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Use of Okadaic Acid to Identify Relevant Phosphoepitopes in Pathology: A Focus on Neurodegeneration
AbstractProtein phosphorylation is involved in the regulation of a wide variety of physiological processes and is the result of a balance between protein kinase and phosphatase activities. Biologically active marine derived compounds have been shown to represent an interesting source of novel compounds that could modify that balance. Among them, the marine toxin and tumor promoter, okadaic acid (OA), has been shown as an inhibitor of two of the main cytosolic, broad-specificity protein phosphatases, PP1 and PP2A, thus providing an excellent cell-permeable probe for examining the role of protein phosphorylation, and PP1 and PP2A in particular, in any physiological or pathological process. In the present work, we review the use of okadaic acid to identify specific phosphoepitopes mainly in proteins relevant for neurodegeneration. We will specifically highlight those cases of highly dynamic phosphorylation-dephosphorylation events and the ability of OA to block the high turnover phosphorylation, thus allowing the detection of modified residues that could be otherwise difficult to identify. Finally, its effect on tau hyperhosphorylation and its relevance in neurodegenerative pathologies such as Alzheimer’s disease and related dementia will be discussed.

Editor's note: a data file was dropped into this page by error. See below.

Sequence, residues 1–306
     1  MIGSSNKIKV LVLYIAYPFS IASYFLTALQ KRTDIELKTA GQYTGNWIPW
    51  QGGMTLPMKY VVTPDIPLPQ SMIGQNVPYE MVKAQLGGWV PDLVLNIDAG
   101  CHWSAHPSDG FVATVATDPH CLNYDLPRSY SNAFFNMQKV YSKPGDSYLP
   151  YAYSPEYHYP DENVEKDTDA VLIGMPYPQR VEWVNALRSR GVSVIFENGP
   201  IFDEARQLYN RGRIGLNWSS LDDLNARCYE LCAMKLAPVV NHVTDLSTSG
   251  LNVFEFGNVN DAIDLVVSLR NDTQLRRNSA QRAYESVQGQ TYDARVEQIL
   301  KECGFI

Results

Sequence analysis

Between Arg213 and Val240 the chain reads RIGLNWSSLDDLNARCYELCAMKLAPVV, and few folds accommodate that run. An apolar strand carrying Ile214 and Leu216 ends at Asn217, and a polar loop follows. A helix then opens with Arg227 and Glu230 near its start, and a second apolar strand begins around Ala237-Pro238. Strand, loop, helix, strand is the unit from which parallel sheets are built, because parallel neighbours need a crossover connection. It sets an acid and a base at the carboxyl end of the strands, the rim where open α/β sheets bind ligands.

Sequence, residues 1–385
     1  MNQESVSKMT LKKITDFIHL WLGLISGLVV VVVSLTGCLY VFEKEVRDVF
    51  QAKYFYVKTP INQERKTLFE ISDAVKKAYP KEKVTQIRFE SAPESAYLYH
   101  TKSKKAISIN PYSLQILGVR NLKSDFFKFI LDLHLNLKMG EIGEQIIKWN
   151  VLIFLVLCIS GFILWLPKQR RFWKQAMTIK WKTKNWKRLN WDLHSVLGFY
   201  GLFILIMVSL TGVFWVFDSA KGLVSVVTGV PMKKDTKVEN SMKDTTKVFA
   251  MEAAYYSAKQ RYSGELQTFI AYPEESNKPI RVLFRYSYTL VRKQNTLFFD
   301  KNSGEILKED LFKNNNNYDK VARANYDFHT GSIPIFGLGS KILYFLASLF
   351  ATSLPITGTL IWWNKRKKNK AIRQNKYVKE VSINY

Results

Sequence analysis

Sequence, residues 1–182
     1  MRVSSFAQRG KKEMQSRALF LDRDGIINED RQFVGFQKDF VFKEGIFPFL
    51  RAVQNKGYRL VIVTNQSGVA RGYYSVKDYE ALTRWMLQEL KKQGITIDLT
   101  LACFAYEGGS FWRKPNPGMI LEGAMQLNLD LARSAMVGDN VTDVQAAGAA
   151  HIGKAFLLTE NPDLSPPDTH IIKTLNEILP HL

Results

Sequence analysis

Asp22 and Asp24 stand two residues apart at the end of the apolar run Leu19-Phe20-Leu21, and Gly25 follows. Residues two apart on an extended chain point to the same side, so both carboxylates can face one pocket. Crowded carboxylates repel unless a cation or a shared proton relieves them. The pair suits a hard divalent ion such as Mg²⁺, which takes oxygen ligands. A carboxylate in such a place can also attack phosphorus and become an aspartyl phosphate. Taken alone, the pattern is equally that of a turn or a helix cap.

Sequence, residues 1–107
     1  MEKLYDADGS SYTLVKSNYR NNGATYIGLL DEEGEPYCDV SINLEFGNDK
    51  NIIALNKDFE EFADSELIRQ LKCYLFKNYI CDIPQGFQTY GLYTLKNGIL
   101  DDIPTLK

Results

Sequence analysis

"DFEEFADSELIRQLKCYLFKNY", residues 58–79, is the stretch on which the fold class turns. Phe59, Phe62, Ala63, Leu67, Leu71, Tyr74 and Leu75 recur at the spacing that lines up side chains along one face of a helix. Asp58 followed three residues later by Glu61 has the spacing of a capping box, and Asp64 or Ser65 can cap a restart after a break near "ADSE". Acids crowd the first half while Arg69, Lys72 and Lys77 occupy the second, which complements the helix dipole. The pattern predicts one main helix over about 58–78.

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Medina, M.; Avila, J.; Villanueva, N. Use of Okadaic Acid to Identify Relevant Phosphoepitopes in Pathology: A Focus on Neurodegeneration. Mar. Drugs 2013, 11, 1656-1668.View more citation formats
Medina M, Avila J, Villanueva N. Use of Okadaic Acid to Identify Relevant Phosphoepitopes in Pathology: A Focus on Neurodegeneration. Marine Drugs. 2013; 11(5):1656-1668.Chicago/Turabian Style
Medina, Miguel; Avila, Jesús; Villanueva, Nieves. 2013. "Use of Okadaic Acid to Identify Relevant Phosphoepitopes in Pathology: A Focus on Neurodegeneration." Mar. Drugs 11, no. 5: 1656-1668.